British Columbia

Corrections officers ignored inmates' calls to help man dying in transfer van, lawsuit claims

A former inmate at a correctional facility in Prince George, B.C., is suing two corrections officers, claiming they left him to ride with the body of a fellow inmate after the man died during a transfer to another facility in the province.

Alex Joseph died during transfer from Prince George to facility in Lower Mainland in October 2018

Inmates were being transferred from the Prince George Regional Correctional Centre to the Lower Mainland on Oct. 4, 2018, when one of the inmates died in the back of the van. Another inmate is now suing two corrections officers, saying they ignored calls for help. (Andrew Kurjata/CBC)

A former inmate at a correctional facility in Prince George, B.C., is suing two corrections officers, claiming they left him to ride with the body of a fellow inmate after the man died during a transfer to another facility in the province.

Gordon Michael Hansen claims the two officers ignored calls for help after the late inmate appeared to pass out in the back of the transfer van on Oct. 4, 2018.

Several inmates, including Hansen, were being "involuntarily" transferred from Prince George to a different provincial facility in the Lower Mainland.

The inmate who died was later identified as Alex Joseph. Three different investigations were opened as a result of his death.

"The corrections officers ... [failed] to respond to continuous and repeated calls for help, thus not providing the proper assistance to Inmate Joseph, allowing him to die in the corrections van," reads a notice of civil claim filed on Monday.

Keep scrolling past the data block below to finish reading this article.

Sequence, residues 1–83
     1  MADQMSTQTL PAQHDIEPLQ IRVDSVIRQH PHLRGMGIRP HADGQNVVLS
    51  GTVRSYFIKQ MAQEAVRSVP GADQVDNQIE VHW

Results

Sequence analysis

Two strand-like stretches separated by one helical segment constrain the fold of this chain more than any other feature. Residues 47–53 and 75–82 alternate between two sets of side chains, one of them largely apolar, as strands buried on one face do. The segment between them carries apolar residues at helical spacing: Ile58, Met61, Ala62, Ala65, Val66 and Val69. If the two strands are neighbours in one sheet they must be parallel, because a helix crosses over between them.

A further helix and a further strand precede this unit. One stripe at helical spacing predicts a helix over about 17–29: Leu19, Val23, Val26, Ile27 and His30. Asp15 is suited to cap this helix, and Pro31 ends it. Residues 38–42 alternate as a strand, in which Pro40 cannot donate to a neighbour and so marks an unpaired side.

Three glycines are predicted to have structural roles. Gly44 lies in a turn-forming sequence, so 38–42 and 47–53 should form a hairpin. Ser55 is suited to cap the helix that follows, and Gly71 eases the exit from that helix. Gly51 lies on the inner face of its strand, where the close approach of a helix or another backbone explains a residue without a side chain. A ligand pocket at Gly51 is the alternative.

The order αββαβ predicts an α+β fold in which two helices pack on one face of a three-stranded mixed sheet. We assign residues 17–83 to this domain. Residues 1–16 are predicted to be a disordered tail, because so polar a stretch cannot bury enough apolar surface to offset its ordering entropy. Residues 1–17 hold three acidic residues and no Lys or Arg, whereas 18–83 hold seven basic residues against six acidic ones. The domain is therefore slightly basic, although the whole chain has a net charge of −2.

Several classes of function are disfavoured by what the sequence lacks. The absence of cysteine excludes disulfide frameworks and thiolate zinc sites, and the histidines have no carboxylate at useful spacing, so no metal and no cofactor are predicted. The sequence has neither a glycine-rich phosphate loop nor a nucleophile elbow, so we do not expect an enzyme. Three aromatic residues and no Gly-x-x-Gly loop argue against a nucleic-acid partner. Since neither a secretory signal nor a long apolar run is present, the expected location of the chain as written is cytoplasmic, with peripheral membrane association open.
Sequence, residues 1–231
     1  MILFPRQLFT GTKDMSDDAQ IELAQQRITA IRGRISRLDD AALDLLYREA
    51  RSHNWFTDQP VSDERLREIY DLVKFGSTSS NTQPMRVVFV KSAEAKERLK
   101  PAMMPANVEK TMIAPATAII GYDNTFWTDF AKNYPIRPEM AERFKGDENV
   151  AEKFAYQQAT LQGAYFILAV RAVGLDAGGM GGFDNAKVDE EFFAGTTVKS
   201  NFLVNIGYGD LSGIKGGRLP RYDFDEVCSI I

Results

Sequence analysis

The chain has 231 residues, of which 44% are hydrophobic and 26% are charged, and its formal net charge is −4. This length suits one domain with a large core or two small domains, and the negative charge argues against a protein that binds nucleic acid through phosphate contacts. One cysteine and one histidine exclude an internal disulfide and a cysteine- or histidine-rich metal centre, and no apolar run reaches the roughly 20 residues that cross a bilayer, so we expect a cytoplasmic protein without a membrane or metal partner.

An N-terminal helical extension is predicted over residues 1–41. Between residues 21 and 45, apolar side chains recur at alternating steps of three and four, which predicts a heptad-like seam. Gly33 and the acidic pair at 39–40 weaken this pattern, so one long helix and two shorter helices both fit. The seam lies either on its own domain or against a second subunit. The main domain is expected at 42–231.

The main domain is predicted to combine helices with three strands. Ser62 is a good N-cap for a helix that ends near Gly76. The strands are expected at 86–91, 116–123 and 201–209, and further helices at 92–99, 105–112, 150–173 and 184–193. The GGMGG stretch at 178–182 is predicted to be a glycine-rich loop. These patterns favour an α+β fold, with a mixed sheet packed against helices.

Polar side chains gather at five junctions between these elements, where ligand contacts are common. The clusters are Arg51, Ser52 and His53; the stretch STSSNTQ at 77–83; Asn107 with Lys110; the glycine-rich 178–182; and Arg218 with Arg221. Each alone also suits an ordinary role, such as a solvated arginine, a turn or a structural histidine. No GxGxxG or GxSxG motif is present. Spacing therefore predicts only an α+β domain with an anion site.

None of Hansen's allegations have been proven in court and the defendants have not filed responses to the claim.

Officers stopped for coffee, didn't check van: lawsuit

The court documents said Joseph, 36, went into medical distress after he "ingested something" just south of Quesnel, B.C., during the ride down Highway 97.

Hansen claims he and fellow inmates starting yelling and hitting the walls of the van to get the attention of the officers riding up front, but were ignored.

"Despite all the other inmates pounding on the walls and shouting, the corrections officers did not pull over to inquire about what was happening. The corrections officers' only response to the shouting and pounding was to slam on the brakes and make the inmates fall," the lawsuit said.

The documents said the passengers were riding in "tiny compartments," seated on metal benches without seatbelts and wearing handcuffs and shackles.

Hansen alleges the officers could have seen what was going on via surveillance cameras in the van, but did not check the back of the vehicle — even after stopping for coffee in Williams Lake, about 100 kilometres from Quesnel.

The lawsuit said the corrections van "finally" stopped to check on the inmates after another 50 kilometres. By that time, Joseph was unresponsive.

A drive from Quesnel to an area that distance from Williams Lake would take roughly an hour-and-a-half.

 

Hansen is claiming damages for psychological and emotional harm, saying the officers owed himself and the other inmates a better duty of care.

The claim said Hansen has also developed post-traumatic stress disorder, nervous shock and insomnia.

The RCMP, B.C. Corrections and the B.C. Coroners Service all opened investigations into Joseph's death.

B.C. Corrections confirmed the in-custody death in an email on Tuesday.

"With this matter before the courts, we are unable to comment further," a spokesperson for the Ministry of Public Safety wrote.

The coroner's investigation is still underway.

CBC has contacted RCMP to learn the outcome of its investigation.

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